The International Journal of INCLUSIVE DEMOCRACY, Vol. 2, No. 2 (January 2006)
Liberal and Socialist “Democracies” versus Inclusive Democracy
ABSTRACT: The transnational elite (and the leading power in it, USA) abuses and distorts the word ‘democracy’ for its aim to stabilise the New World Order (NWO), which ―through its main institutions, the internationalised market economy and representative ‘democracy’― secures the huge and growing concentration of political and economic power at the hands of a few elites, all over the world. The aim of this paper is to show that both multi-party liberal democracy which is supported by the NWO, as well as socialist single-party democracy supported by the few remaining socialist countries like Cuba, are forms of representative and statist democracy, which take for granted the separation of society from state and the economy and as such can not be the basis for an Inclusive Democracy aiming to integrate society with economy and polity as well as with Nature.
Tom Crumpacker’s (T.C.) paper “Democracy and the multiparty political system” raises certain important issues on the meaning of democracy, politics, political parties and representation, not only with respect to Cuba, which is his main reference, but also with respect to liberal and socialist democracy in general. It would therefore be worthwhile to examine these issues again and attempt to show that, although T.C.’s critique of capitalist ‘democracy’ is valid, the alternative socialist democracy which he supports does not, also, meet the requirements of a true democracy, despite the fact that it is a superior system than the capitalist system in meeting the basic needs of all people rather than those of some privileged classes.
1. Freedom, democracy and politics
The starting point in an examination of the concepts of democracy and politics is the crucial concept of freedom which underlies them. In contrast to the ‘negative’ conception of freedom adopted by liberals, which refers to the absence of restraint, that is, the freedom for the individual to do whatever s/he wants to do (‘freedom from’), both socialists and supporters of the Inclusive Democracy (ID) project adopt a ‘positive’ conception of freedom, which refers to the freedom ‘to do things’, to engage in self-development or participate in the government of one’s society (‘freedom to’). Furthermore, the Inclusive Democracy project takes a further step in concretizing the ‘positive’ meaning of freedom by defining it in terms of individual and collective autonomy.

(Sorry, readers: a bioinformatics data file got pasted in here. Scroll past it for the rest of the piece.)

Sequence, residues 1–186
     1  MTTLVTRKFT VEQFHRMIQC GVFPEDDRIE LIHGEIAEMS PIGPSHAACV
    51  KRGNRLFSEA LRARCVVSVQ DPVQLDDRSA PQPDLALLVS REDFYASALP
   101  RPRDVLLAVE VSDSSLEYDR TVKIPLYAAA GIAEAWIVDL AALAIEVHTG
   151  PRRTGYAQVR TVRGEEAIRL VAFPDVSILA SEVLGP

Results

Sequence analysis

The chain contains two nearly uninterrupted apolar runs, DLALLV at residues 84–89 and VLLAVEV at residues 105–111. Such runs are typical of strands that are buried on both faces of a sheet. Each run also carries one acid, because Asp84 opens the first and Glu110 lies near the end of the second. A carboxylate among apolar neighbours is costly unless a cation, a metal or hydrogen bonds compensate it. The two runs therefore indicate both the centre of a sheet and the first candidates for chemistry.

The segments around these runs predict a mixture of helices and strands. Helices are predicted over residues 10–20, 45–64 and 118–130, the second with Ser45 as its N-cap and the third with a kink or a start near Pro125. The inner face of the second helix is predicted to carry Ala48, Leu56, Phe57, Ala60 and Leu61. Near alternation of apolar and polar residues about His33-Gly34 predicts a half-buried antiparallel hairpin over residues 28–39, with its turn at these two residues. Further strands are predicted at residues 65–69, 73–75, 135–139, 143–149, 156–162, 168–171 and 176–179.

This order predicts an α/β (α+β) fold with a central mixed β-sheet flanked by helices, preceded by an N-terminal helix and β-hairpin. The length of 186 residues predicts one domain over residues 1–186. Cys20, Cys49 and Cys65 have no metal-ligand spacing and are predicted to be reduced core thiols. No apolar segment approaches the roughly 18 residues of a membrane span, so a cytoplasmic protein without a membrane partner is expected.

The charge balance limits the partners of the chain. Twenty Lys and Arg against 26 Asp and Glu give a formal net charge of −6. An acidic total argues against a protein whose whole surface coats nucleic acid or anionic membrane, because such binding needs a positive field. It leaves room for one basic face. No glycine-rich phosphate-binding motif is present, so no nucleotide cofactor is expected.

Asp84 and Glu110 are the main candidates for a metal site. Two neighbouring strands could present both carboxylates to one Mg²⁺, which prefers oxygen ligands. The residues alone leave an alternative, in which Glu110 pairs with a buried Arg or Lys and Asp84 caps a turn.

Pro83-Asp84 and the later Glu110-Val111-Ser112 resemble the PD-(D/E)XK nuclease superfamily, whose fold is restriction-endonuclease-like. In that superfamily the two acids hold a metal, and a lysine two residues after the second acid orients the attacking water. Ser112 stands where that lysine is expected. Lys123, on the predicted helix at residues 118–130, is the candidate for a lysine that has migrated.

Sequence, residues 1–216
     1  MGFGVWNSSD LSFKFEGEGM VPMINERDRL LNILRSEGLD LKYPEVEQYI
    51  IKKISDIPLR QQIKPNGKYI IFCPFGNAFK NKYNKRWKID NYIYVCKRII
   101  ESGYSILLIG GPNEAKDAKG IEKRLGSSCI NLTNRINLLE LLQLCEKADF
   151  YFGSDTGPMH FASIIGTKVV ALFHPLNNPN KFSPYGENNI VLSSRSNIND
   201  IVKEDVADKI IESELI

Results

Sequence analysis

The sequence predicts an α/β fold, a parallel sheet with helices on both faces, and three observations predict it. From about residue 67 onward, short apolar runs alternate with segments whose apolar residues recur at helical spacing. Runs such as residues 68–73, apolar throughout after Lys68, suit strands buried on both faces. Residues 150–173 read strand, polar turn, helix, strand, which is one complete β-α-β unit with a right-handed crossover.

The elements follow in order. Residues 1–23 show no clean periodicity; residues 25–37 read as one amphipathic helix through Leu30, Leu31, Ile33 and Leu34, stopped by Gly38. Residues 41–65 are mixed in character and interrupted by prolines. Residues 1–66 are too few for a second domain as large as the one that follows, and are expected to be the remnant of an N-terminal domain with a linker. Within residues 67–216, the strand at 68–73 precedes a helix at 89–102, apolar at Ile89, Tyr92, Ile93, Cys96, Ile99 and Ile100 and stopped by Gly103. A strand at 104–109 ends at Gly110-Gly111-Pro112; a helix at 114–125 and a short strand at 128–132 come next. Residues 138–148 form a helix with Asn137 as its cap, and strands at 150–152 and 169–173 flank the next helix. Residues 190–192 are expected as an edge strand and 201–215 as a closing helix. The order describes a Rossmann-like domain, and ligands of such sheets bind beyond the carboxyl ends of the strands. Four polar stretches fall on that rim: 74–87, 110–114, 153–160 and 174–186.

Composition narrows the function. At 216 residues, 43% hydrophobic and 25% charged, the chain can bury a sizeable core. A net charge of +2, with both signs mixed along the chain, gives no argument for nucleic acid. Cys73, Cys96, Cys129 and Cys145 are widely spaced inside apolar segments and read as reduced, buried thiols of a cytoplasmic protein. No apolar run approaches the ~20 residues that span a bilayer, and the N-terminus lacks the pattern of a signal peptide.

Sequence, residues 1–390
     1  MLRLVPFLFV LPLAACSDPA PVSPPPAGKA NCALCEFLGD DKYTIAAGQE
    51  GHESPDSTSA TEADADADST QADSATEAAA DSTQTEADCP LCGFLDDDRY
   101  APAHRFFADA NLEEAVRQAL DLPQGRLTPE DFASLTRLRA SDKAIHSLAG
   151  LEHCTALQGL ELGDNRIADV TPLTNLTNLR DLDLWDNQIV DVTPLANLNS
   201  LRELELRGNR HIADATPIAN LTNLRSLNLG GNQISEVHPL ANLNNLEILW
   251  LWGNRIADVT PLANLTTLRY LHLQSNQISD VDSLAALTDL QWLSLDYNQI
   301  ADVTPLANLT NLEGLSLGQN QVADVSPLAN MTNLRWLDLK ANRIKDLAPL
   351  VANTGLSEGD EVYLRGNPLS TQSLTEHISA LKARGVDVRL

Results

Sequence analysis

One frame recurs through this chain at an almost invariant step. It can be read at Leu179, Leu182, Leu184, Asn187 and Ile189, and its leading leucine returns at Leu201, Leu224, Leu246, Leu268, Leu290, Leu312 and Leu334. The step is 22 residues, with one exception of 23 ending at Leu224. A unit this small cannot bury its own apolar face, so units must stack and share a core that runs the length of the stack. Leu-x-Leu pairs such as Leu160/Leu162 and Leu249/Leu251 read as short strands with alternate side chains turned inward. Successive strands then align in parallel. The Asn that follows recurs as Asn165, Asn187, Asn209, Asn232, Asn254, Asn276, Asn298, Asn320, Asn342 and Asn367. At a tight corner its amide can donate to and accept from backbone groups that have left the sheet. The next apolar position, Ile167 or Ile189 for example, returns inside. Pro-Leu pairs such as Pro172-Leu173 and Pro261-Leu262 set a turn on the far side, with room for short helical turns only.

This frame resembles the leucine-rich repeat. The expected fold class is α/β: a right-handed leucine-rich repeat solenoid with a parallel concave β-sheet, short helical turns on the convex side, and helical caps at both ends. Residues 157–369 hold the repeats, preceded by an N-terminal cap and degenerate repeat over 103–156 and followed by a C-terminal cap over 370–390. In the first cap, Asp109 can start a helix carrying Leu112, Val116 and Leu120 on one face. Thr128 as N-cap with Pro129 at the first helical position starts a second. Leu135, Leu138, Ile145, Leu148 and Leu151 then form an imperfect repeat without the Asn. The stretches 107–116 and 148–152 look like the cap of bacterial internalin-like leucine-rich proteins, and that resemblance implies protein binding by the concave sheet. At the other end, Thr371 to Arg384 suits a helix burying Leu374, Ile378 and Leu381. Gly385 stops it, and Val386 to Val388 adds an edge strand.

The universalisation of the capitalist market system in the New World Order and of the liberal representative ‘democracy’, the political complement of the market economy, has inevitably led to a corresponding universalisation of the negative conception of freedom. This development became unavoidable by the dismantling of actually existing socialism in East Europe and the corresponding collapse of statism, as well as of socialism as an ideology and political practice that relied on a positive conception of freedom. So, the negative conception of freedom is today adopted, directly or indirectly, not only by liberals, neoliberals and the like but also by the presently dominant reformist Left (ex social democrats who today moved towards various forms of social-liberalism, post Marxists, post-modernists and the like) and even most anarchists, particularly in the Anglo-Saxon world.
However, as I attempted to shοw elsewhere there is no intrinsic relationship between the positive concept of freedom and the ‘statist’ form of democracy, i.e. the form of democracy in which the state is separated from society and is supposed to express, through a process of representation, the general will. In fact, a statist form of democracy is incompatible with any concept of freedom, positive or negative, given its fundamental incompatibility with both self-determination and (individual and collective) autonomy. And yet, both the liberal and the socialist forms of democracy have always been statist, namely, they presupposed a society separate from the state. Furthermore, in both the liberal and socialist forms of democracy, society has always been separate from the economy: in the former case, the capitalist minority, which owns and/or controls (through the market system) the means of production, takes all important decisions about allocation of resources in a scarcity economy whereas, in the latter case, the socialist minority of the vanguard party, which controls (through the planning system) the means of production, takes all corresponding allocation decisions.